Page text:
Moral dilemmas are much easier when contemplated from a distance. I can orate with great passion about various social injustices, the raising of other peoples’ children, and Arizona’s immigration policy. I feel a personal obligation to force myself not to look away from ugliness, brutality and the messes in our midst.
Homelessness sickens me, as it should anyone with a beating heart. I know that it’s complicated; I used to represent people who were applying for Social Security based on mental illness and/or substance abuse issues back in the days before Congress made itself feel virtuous by making it impossible to obtain benefits based on drug or alcohol addiction. Many of my clients lived in shelters, or on the streets. I have also tended to give money to homeless folks on the street when I had enough to share, believing it was not my business what they did with it. Why is it any better for me to blow twenty bucks on fatty food and eyeliner than it is for a Vietnam vet to buy a couple of bottles of malt liquor? Is it my charter to monitor his lifestyle choices because I am a well-heeled white girl with a vast safety net?
In the past few years, my firm position has come shaky. We live in a large college town, on a street where all of our neighbors are student renters. The average age of our neighbors is 20, and life is a constant whirl of football Saturdays, cramming for finals, and walks of shame. I am pretty sure none of my neighbors could lend me a cup of sugar, but most of them could come up with a joint if I needed one. They sometimes annoy us with noise, but at the end of the day…we care about them. We are parents and they are children. We lend them cookie sheets and shovels, and they rake our yard when we aren’t looking. We come to love some of them, and remain friends as they sail out into the open seas of jobs, marriage and adulthood.
Into this already unstable mix of town and gown come the “Can Guys.” Drawn to this neighborhood because students tend to have lawns strewn with returnable beer cans and bottles, they come on rickety bikes or on foot. In rare cases someone has an ancient car with rust holes and dicey suspension. Some are very respectful and maintain a distance from inhabited houses, others feel free to walk onto our large, open porches, take half-smoked cigarettes out of the ashtrays, look under furniture for stray bottles, or knock on doors to ask for a smoke or a couple of bucks.
For the first few years of our life here, I ran out to give them our cans and bottles, and felt nothing but indignation at the fact that these men were reduced to scrambling for dimes to support themselves. A couple of years ago after a rash of thefts in the neighborhood, I had a conversation with a police officer who warned me to “be careful about the can men.” I assumed a veneer of patient attention, waiting until it was my turn to talk so I could let him (The Man) know what I thought about the whole thing. As he spoke, I found myself drawn in, and questioning my smug assumptions. The Can Guys were mostly not homeless; they lived at the Rescue Mission or in halfway houses in Lansing. They were nearly all paroled felons, many known to the police through their Parole Officers. Many had committed violent crimes against women. I recalled a story told to me by a tiny, Goth girl living in cooperative housing at the end of our street. She described being the only person home in the vast, old Co-op, and waking up to see a Can Guy in the doorway of her bedroom asking if she had a cigarette. My stomach pleated and my mouth got dry.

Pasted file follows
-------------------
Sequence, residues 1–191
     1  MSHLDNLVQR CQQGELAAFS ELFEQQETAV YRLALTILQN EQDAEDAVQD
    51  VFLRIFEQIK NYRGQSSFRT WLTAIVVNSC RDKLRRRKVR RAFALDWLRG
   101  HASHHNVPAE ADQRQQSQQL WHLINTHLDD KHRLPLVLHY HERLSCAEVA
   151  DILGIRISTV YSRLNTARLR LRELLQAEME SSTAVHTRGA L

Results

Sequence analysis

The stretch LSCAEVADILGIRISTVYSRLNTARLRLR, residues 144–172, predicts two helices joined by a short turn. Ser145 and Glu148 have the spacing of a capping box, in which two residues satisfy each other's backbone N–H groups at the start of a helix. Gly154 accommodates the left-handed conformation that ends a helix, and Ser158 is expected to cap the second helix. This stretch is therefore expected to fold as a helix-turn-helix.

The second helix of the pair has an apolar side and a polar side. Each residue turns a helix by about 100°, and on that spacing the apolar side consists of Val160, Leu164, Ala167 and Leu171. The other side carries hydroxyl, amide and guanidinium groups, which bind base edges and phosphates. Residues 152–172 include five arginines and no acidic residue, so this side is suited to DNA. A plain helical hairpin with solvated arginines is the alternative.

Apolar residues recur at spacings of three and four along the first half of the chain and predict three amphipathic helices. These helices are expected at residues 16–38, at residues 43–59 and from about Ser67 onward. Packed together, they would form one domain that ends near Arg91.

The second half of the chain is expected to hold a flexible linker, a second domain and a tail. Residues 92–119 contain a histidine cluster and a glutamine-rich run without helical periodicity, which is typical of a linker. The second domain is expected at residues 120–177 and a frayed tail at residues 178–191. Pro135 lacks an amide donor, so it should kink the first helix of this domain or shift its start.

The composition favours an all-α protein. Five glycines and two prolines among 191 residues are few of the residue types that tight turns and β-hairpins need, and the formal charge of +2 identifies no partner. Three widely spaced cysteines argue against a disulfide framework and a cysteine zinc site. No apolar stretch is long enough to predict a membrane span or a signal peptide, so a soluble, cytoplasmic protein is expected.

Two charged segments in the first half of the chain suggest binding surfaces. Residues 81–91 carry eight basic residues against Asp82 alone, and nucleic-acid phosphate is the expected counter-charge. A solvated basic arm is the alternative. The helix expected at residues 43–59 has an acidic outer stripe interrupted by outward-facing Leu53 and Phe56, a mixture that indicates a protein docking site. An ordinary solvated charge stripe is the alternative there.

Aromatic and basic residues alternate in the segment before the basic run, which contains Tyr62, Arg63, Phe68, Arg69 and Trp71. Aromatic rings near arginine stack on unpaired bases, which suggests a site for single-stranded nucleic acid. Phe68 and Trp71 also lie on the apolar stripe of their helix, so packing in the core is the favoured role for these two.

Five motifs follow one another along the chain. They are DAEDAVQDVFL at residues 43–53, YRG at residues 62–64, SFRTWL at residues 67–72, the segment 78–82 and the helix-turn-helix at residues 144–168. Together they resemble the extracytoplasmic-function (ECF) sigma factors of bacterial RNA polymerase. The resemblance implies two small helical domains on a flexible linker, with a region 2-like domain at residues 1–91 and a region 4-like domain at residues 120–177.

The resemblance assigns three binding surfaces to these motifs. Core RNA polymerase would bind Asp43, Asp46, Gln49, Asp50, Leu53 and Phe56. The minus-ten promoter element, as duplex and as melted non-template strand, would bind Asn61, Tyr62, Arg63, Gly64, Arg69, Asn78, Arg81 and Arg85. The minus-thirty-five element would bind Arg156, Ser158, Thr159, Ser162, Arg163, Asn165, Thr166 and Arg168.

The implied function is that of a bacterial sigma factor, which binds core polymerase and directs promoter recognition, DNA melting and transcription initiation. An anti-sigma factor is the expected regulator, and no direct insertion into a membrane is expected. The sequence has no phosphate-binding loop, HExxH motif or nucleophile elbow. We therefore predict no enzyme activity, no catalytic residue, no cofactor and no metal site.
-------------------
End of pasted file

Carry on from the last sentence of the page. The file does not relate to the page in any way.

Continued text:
As it turns out, I can‘t save everybody: the Can Guys are victims of the system and need my empathy, and the students are vulnerable and naïve and need my protection. I imagine that the Can Guys are my husband, my father, or my brother after a long, hard road, and I am outraged that there is no better opportunity for them to earn a living after prison. I imagine that the students are my son, my niece or my stepdaughter, and I am terrified at the proposition of violent ex-cons hanging out around their houses, many of which have locks that don’t work really well.
So last night, I warned a group of female students to be careful about the Can Guys. I told them that it feels good to help them, and that lots of students adopt them as if they were pets (secretly thrilled to have a Real Live Poor Black Guy drinking from the beer bong). I told them that these guys aren’t gentled domestic creatures; they are men who have had to struggle to survive. I told them to keep their doors locked, and to feel okay about telling the Can Guys that they weren’t comfortable having them come onto their porches. I told them that if they were really uncomfortable, they should call the police.
I can work for justice, put my money where my mouth is, and believe that everyone in this country is entitled to a safe place to live and an opportunity for a fresh start. Right now, though, the silly, unsophisticated children who play house in my neighborhood are my first priority. It may not be the way things should be, and I would undoubtedly have a different perspective from a great distance, but I can live with this. Mostly. I think. I have to.